4. Using sneaky names for sugar. Sometime it can be hard to spot sugar in an ingredient list because there are so many code names. One nutrition source reports that sugar can be spotted with as many as 61 different names. Sugar’s many code names include: rice syrup, dextrose, maltose and barley malt, and high-fructose corn syrup. This is a great tactic, as companies are required to list foods by weight in decreasing order. By listing sugar with more than one name, companies may be able to bury sugar further down on the list, making it seem like there is less.
  5. Know the sneakiest foods. There are some foods that seem to have hidden sugars in them more often than others. Be aware of and read the labels carefully on such foods as granola bars, breakfast cereals, yogurt, fruit snacks, and juice. Juice is trickier because technically the sugar in juice is considered naturally occurring. However, it’s more like a processed food. There is nothing natural about a child drinking the equivalent of 5 apples worth of sugar. And when we drink apple juice, there is no fiber to help slow down the absorption the way there is when we eat an apple. Skip the juice and stick with water for hydration and whole fruit for fiber and nutrients instead.

“Childhood is where many of our food habits are formed, making it that much more important that we help our children learn to sensibly navigate the nutritional landscape,” added Heidi DiEugenio, director of the Doctor Yum Project. “The more we can help them learn better and healthier food habits now, the more they will benefit from those choices and habits into the future.”

10 Ways Fit Moms Squeeze in Exercise

Squeezing in a work out when you have children and a schedule that’s already overloaded isn’t easy. In addition, exercise may conjure up negative feelings because for some it implies long, strenuous hours in a musky gym. However, staying active is imperative to your physical, mental and emotional well-being, so finding convenient ways to sneak exercise into your daily routine is a must.

  1. Make Yourself a Priority – To be the best parent you can be, you have to make sure you take care of yourself, too. This means keeping your physical and mental health a priority. Setting aside time for yourself each day, even if it’s only 20 minutes, is a way of getting into a routine that will allow you to spend a little time on yourself.
  2. Just Breathe – Studies conducted by the Division of Internal Medicine at Aoyama Clinic in Niigata, Japan on the Senobi breathing technique and a 2006 American Heart Association-published study on pranayama yoga breathing exercises indicated that the way you breathe can affect your overall health and fitness. If you don’t have the time for a full work out, exploring these breathing techniques may be a helpful alternative.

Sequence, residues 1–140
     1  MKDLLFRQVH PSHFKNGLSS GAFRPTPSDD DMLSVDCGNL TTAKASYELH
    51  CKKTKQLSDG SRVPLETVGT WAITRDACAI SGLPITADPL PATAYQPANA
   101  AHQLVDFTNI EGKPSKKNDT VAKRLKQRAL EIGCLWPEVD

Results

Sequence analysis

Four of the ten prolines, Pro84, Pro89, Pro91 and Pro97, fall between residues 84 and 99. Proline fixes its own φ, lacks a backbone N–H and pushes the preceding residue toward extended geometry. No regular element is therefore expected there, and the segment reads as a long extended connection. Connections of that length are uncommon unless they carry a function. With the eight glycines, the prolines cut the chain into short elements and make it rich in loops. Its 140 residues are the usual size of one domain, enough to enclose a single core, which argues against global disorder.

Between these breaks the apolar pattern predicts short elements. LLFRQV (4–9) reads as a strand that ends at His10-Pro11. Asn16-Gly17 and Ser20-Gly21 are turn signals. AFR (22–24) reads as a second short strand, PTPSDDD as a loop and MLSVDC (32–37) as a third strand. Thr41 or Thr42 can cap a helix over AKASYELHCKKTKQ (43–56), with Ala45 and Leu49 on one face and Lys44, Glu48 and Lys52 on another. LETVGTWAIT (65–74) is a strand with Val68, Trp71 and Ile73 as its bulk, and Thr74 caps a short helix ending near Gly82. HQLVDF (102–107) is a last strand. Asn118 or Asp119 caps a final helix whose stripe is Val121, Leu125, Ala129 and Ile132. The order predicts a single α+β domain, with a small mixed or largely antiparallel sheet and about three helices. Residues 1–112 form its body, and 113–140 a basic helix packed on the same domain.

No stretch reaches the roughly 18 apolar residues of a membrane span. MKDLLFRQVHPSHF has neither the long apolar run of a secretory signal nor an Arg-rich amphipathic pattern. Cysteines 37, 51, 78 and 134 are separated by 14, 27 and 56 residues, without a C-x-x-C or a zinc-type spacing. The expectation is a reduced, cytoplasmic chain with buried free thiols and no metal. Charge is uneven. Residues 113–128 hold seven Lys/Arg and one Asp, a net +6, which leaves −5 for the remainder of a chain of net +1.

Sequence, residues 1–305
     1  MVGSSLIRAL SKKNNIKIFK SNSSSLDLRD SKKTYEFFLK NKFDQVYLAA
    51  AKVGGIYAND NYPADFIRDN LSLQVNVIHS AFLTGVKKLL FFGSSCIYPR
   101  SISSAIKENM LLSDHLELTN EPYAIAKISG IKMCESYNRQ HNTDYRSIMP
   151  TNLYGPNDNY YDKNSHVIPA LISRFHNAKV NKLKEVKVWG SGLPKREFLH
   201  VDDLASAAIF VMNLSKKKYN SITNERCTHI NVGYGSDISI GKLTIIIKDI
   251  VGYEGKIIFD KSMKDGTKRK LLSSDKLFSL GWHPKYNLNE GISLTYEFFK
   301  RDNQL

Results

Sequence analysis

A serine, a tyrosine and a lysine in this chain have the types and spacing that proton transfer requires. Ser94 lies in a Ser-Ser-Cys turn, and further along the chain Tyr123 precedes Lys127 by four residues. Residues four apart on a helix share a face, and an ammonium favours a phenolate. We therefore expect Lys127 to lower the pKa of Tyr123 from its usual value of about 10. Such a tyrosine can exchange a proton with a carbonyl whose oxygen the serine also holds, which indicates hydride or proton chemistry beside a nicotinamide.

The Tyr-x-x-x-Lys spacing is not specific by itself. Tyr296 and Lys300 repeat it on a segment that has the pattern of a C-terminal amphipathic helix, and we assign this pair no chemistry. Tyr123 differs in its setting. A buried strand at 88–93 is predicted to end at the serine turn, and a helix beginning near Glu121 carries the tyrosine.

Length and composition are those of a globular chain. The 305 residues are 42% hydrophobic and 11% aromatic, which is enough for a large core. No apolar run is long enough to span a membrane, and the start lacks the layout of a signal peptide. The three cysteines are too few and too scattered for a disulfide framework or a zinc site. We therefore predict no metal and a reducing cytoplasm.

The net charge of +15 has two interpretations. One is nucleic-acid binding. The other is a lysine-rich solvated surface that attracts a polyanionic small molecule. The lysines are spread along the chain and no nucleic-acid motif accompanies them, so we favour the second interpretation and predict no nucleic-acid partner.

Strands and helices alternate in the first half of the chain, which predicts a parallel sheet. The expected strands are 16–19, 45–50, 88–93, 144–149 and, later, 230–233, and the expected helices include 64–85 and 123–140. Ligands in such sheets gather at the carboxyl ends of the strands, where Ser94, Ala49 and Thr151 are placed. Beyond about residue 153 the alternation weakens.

3. When in Doubt, Stretch it Out – If you’ve missed your window of making it to the gym, spending just 10 minutes on the floor stretching each evening before crawling into bed or first thing in the morning before you start your day is a way of keeping limber and increasing your range of motion.
  4. Play Dates Aren’t Just for the Kids – Set up play dates with other parents looking to incorporate exercise while supervising their little ones for the support and accountability of a dedicated work-out group. Brisk walks around the playground or jogging with the kids in strollers are options to buddy-up and stay motivated with other parents or your spouse.
  5. Baby Weight – Who said that lifting weights had to include heavy barbells and awkward gym equipment? Some post-natal yoga classes are even designed to incorporate your child as resistance weight. Try doing lunges across the front yard while carrying baby in your arms or doing a few exercises of your own during baby’s tummy time.
  6. Sleep it Off – In order to optimize the benefits of any exercise routine, you need to get plenty of rest. Find a routine that doesn’t leave you completely drained of energy or interfere with your parenting, but understand that sometimes it’s important to skip a work out and simply rest when you’re feeling exhausted.
  7. No Sweat – Sweating brings fresh, oxygenated blood to tissues and organs and helps rid the body of toxins. It’s also a sign of the body working, but you don’t have to spend hours on a treadmill to break a sweat. Incorporate exercise into your daily activities. Have a dance party with your kids in the living room. Jog alongside your kids when they go for a bike ride. When possible, park farther away at the store and by-pass the elevator for the stairs. These kinds of minor changes add up and over time you will start to notice these tasks becoming easier and easier.